Glossary of terms

Application:
A written submission to engage in aquaculture made under the FWCA.
Applicant:
A person who seeks an aquaculture licence and submits an application for such a licence.
Assessment area:
The area of Crown lake bed applied for occupational authority (e.g. Land Use Permit or other form of occupational authority) plus the lakebed area extending 200m in all directions from the boundary of the proposed Crown land occupation.
Aquaculture:
The breeding or husbandry of fish, and the verb “culture” has, with respect to fish, a corresponding meaning (see below). Note: this is the definition provided in the FWCA.
Aquaculture operation:
All infrastructure (e.g. cages, anchors) and activities (e.g. feeding, fish health management) required for the culturing of fish.
Cage culture (cage aquaculture):
A cage culture facility consists of floating or submersible enclosures that maintain an open exchange of water for rearing fish at higher densities, usually in large bodies of water such as lakes, offering an alternative production system where open water conditions are suited to aquaculture development.
Class environmental assessment (class EA):
An environmental assessment for a class of undertakings that is approved under Part II.1 of the Environmental Assessment Act, 1990.
Closed application:
An application that the MNRF has determined no longer warrants review.
Crown land:
For the purposes of aquaculture licences, this only includes lands administered under the Public Lands Act by the Ministry of Natural Resources and Forestry, and does not include any area regulated under the Provincial Parks and Conservation Reserves Act, 2006.
Culture:
Defined in the definition of “aquaculture” and when used as a verb with respect to fish has a corresponding meaning with aquaculture.
Environment:
As defined in s.1. of the Environmental Assessment Act, 1990 means:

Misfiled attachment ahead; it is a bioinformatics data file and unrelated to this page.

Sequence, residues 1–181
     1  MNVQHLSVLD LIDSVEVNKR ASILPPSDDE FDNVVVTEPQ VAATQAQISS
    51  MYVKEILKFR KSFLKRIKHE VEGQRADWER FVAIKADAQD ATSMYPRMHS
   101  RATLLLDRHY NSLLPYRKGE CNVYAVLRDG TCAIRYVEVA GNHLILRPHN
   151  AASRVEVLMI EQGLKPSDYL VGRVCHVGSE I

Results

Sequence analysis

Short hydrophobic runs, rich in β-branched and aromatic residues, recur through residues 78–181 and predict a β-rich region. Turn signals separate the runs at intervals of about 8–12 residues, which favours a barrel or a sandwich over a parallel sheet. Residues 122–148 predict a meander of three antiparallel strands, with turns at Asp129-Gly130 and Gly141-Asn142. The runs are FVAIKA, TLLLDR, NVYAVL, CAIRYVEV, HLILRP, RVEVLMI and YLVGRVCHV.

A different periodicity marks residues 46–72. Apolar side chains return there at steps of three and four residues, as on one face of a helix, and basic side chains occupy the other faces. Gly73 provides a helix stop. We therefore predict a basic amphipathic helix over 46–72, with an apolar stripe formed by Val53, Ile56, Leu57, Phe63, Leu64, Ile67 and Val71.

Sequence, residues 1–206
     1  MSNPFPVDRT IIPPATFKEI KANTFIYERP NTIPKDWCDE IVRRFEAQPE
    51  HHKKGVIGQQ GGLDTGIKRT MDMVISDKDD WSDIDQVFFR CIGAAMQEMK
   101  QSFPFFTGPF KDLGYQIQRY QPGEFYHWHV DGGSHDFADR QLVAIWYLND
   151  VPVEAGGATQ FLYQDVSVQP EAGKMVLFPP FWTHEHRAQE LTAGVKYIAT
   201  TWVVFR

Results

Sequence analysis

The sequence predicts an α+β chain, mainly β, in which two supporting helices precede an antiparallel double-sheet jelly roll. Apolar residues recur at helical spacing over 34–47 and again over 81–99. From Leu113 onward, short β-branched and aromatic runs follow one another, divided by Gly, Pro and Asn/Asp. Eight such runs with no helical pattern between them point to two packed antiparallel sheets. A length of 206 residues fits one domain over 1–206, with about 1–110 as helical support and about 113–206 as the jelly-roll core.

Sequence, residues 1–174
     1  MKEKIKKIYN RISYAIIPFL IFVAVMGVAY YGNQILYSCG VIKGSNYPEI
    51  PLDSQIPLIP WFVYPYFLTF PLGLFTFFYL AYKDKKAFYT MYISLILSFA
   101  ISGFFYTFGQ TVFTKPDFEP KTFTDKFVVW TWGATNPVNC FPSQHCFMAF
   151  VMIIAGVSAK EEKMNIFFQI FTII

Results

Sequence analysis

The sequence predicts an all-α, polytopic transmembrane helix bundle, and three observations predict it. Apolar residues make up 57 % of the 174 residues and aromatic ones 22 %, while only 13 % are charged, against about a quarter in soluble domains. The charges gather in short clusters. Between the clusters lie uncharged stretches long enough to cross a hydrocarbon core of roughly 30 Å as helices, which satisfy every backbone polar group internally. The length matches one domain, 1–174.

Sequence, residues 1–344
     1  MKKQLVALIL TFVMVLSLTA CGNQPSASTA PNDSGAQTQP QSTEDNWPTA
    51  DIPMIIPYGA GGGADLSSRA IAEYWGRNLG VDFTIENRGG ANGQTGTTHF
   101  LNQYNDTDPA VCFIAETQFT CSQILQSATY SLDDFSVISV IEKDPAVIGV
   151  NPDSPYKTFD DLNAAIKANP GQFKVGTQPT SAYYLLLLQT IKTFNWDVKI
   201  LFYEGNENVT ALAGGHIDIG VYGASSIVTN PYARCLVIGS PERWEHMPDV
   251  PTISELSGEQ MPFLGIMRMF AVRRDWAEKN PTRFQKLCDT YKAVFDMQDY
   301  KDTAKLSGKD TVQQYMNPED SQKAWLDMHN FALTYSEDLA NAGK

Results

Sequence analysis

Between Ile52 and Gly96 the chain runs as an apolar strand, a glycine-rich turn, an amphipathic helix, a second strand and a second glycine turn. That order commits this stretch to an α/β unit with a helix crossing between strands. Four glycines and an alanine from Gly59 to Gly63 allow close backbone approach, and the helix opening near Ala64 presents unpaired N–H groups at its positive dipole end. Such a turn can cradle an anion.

1. air, land or water,
  2. plant and animal life, including human life,
  3. the social, economic and cultural conditions that influence the life of humans or a community,
  4. any building, structure, machine or other device or thing made by humans,
  5. any solid, liquid, gas, odour, heat, sound, vibration or radiation resulting directly or indirectly from human activities, or
  6. any part or combination of the foregoing and the interrelationships between any two or more of them, in or of Ontario.
Environmental registry:
An internet site established pursuant to the Environmental Bill of Rights, 1993 (EBR) that provides the public with electronic access to information about the environment, including information about certain ministry proposals, decisions and events that could affect the environment.
Facility:
Generally, includes equipment, infrastructure, buildings or improvements that are built, installed, or established to provide the physical means or assistance in relation to an action, operation, or course of conduct related to aquaculture.
FWCA:
The Fish and Wildlife Conservation Act, 1997.
G1 – Special Native Stocks:
Native species or sub-species that have been reduced to a few local stocks and are threatened by extinction or extirpation (e.g. spotted gar); and native stocks within species that are “glacial relics”, i.e. stocks differentiated prior to the last ice age (e.g. Haliburton Highlands Lake Trout); and remnant native stocks in large lakes for which most similar stocks with overlapping distribution have been lost, i.e. stocks differentiated since the last ice age (e.g. Lakes Huron and Superior Lake Trout stocks); and remnant native stocks which are genetically distinct and do not occur together, and other identified sensitive native stocks, i.e. stocks that have been physically isolated from other stocks since the last ice age (e.g. Lake Simcoe Lake Trout, Aurora Trout, Kawartha Lakes Muskellunge).
G2 – Native stocks:
This is basically all native stocks (i.e. those within their native range) that do not meet the criteria for G1 classification. However they can be more specifically described as native stocks that do not occur together and have been physically and genetically isolated from each other since the last ice age (e.g. most native Lake Trout and Brook Trout stocks); and native stocks with overlapping distribution that are isolated by behaviour from each other and are locally adapted to their habitats, but some gene flow between stocks may still occur; and a lost stock that may be rehabilitated from a neighbouring stock (e.g. Lake Nipissing Walleye, Brook Trout in headwater streams).
G3 – Introduced stocks:
These are stocks relocated to an area where they do not occur naturally. Introductions can be deliberate or accidental and can include exotics, naturalized species (e.g. Great Lakes Rainbow Trout), and stocks native to Ontario which are stocked beyond their native range (e.g. some bass waters).
Hypolimnion:
The bottom layer of water in thermally-stratified waterbodies.
Inactive application:
An application MNRF has determined will not be reviewed further pending the applicant’s satisfaction of conditions specified by the MNRF.
Ineligibility criteria:
Conditions that may result in the cage aquaculture licence application being refused.
Minister:
The Minister of the Ministry.
Mitigation:
Elimination, reduction and/or control of adverse environmental effects of a project.
MNRF or ministry: